Crawl to China  
Artist: Tourniquet 
Label: Benson Records 

The best bands are those that consistently put out albums year after year, continually forging ahead into new territory while maintaining their own distinct personality.  Most of the time, though, fans find only frustration when they try to follow a band: subsequent releases never capture the magic of the debut, or the band calls it quits after an album or two, or they change their sound so much you'd never know it was the same band (cough*Metallica*cough).  Well, Tourniquet is a fan's dream band so far: this is their eighth release in seven years of existence (fifth full album), and I'm still drooling over it as much as I did their first one. Sure, it's hardly the same lineup--Ted Kirkpatrick is the only original member--but the creative vision and commitment to excellent uniqueness carries on despite the changes.  

I'd heard a lot about the variety of guitar tones on Crawl to China, but there wasn't as much as I expected.  The rhythm guitars all keep to the same general range (it IS a range, however), while it's mostly the leads, intros, and breaks that spice it up with different sounds--acoustic, jazz, blues, freaky, out-of-tune, whatever.  The riffs and rhythms, on the other hand, draw most of their variety by being from different genres.  You'll find straight-ahead 70s riffs, groovy modern distortion, stop-and-go  
hardcore riffage (tweaked Tourniquet-style), technical thrash, classical playing ("America"), and so on.  Some thrash purists might wish for a little more heft in the guitars, but the headbanger in me found plenty of metal to chomp on.

While their last album stuck to a  more conventional metal sound, this one brings them back into the progressive arena with a ton of time and tempo changes and assorted sounds accenting each well-written song (beating heart, whistling, Indian recorder, strange background vocals, etc.). Ted's drumming is beyond brilliant as usual (he could record an album all by himself as far as many fans are concerned), and Luke Easter's vocals continue to improve in style and range.  Whether he's singing in nice guy mode or harsh shouter mode, it always fits the music and the mood of  the lyrics, and you can always understand him.  

Although most of the songs were written by Ted, two of my favorites were penned by Luke (words) and Aaron (music)--"The Tell-Tale Heart," and "Crank the Knife."  The first one, of course, is inspired by Edgar Allan Poe's story by the same name, and deals with guilt that tears us up inside.  No matter how many times I listen to it, the anguished, distorted delivery of "I admit the deed," contrasted with the almost-whispered "Can't you hear the beating?" gives me chills.  "Crank the Knife" is a solid hardcore-influenced metal song about betrayal and self-destruction, with a sweet Metallica-esque chorus:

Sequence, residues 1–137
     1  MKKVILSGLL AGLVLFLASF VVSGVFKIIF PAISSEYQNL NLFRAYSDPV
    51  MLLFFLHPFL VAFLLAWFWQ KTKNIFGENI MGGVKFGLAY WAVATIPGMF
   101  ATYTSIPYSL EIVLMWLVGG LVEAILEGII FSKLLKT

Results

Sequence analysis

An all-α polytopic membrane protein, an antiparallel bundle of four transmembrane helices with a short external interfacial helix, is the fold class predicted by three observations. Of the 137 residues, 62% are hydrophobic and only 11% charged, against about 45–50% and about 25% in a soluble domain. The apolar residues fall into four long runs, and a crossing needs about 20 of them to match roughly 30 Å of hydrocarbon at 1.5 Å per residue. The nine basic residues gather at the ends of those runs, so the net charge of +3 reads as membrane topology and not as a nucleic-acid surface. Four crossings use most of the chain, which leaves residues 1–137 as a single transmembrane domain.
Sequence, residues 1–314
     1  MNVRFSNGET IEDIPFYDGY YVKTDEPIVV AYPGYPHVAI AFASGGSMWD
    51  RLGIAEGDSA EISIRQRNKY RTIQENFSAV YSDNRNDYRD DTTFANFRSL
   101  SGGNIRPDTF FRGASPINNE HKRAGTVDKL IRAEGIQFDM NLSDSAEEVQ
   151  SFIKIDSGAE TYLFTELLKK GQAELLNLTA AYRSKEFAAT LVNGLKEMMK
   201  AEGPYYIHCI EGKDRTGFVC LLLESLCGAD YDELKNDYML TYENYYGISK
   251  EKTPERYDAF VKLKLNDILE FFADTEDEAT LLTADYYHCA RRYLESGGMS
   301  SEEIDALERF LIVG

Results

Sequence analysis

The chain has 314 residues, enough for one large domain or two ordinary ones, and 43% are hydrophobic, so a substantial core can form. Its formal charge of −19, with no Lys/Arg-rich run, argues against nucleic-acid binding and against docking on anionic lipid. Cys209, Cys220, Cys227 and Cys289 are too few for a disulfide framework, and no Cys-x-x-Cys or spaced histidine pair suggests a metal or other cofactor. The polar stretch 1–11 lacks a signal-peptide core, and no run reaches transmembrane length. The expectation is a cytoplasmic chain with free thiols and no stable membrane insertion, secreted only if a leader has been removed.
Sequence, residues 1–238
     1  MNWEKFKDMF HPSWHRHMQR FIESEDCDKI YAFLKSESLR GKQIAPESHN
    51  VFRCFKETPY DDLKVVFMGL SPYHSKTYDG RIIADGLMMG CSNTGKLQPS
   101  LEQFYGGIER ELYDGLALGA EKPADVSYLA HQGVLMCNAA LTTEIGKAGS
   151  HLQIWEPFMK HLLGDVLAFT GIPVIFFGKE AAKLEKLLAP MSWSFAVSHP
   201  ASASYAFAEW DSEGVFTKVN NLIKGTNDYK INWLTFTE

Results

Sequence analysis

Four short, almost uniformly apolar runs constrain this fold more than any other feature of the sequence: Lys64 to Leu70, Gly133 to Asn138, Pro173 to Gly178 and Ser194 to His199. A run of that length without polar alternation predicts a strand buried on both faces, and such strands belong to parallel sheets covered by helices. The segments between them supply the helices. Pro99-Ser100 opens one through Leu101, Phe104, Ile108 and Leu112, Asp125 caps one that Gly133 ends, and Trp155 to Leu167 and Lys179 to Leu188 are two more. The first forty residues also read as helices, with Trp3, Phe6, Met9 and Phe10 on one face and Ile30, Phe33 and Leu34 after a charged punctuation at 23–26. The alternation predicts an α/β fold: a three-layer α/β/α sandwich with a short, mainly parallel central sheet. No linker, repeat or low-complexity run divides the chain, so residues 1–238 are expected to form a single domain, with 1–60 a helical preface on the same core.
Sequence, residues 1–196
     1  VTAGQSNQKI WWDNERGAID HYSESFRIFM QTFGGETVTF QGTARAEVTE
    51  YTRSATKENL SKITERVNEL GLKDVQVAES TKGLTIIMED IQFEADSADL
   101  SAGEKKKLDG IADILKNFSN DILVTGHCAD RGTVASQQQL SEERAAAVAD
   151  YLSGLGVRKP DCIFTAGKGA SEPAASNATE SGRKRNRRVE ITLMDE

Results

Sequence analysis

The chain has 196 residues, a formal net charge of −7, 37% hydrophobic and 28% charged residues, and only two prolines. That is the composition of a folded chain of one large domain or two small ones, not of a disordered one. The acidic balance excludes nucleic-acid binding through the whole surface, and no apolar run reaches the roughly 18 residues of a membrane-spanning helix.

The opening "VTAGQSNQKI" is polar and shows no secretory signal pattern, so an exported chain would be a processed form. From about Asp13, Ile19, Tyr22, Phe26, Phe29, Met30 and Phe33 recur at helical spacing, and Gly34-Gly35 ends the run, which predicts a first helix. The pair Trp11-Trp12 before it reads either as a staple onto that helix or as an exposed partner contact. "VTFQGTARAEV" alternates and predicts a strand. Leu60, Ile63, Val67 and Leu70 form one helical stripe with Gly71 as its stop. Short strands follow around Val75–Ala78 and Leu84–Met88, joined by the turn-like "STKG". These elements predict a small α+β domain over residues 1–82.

I greet you with a brother's kiss  
   And crank the knife another twist  
   Pointing to things that don't exist  
   I crank the knife another . . . twist 

The lyrics on the album are consistent with past Tourniquet, always intelligent, sometimes straightforward, sometimes based on metaphor and imagery.  Ted returns to his concern for animal rights (last visited with  
"Ark of Suffering" on the first album) in "Going, Going...Gone":  

   Gorilla seven days old  
   Ripped from his dead mother's arms  
   Her hand now an ashtray  
   Souvenir for a tourist's charms  
   Will I join the ranks of the photo gallery?  
   It may be the only way left to ever see me  

The production is, quite honestly, as good as it gets.  Everything is crisp, clean, and perfectly separated.  When a riff needs to be meaty, it's 100% beef; when a vocal needs to hit you in the gut, you exhale in surprise.  And since Tourniquet is also the tightest band that I've ever heard, the production allows all that talent to shine even more. Musicians across the board should be impressed with this work of art.  

This may actually be my favorite Tourniquet album to date.  If you can't tell already, I'm just blown away by the quality and freshness to be found here.  Nobody sounds like Tourniquet.  They do their Lord proud. If all the other believers in bands set the same standards of excellence for themselves, there'd be many more stoked fans out there. 

By Josh Spencer 


Tourniquet has produced a mixed bag on their newest release Crawl to China. Most of the tunes are excellent, but a few really left me shaking my head - the title track (which is almost rapcore), "Enveloped in Python," and "Bats."  Since this clocks in at 68:02 (skipping over those tracks brings it down to 56:30), it more than makes up for these losers.  Musically, this is the same hard-hitting Tourniquet we've come to know and love, although I noticed a little more blues influence in this release than their last.  The vocals are rawer and have more growl, but it really strengthens the overall sound.  The lyrical images are incredibly clear, and give the listener plenty to ponder.  This one could quickly become one of my favorites.-----Mark Aylor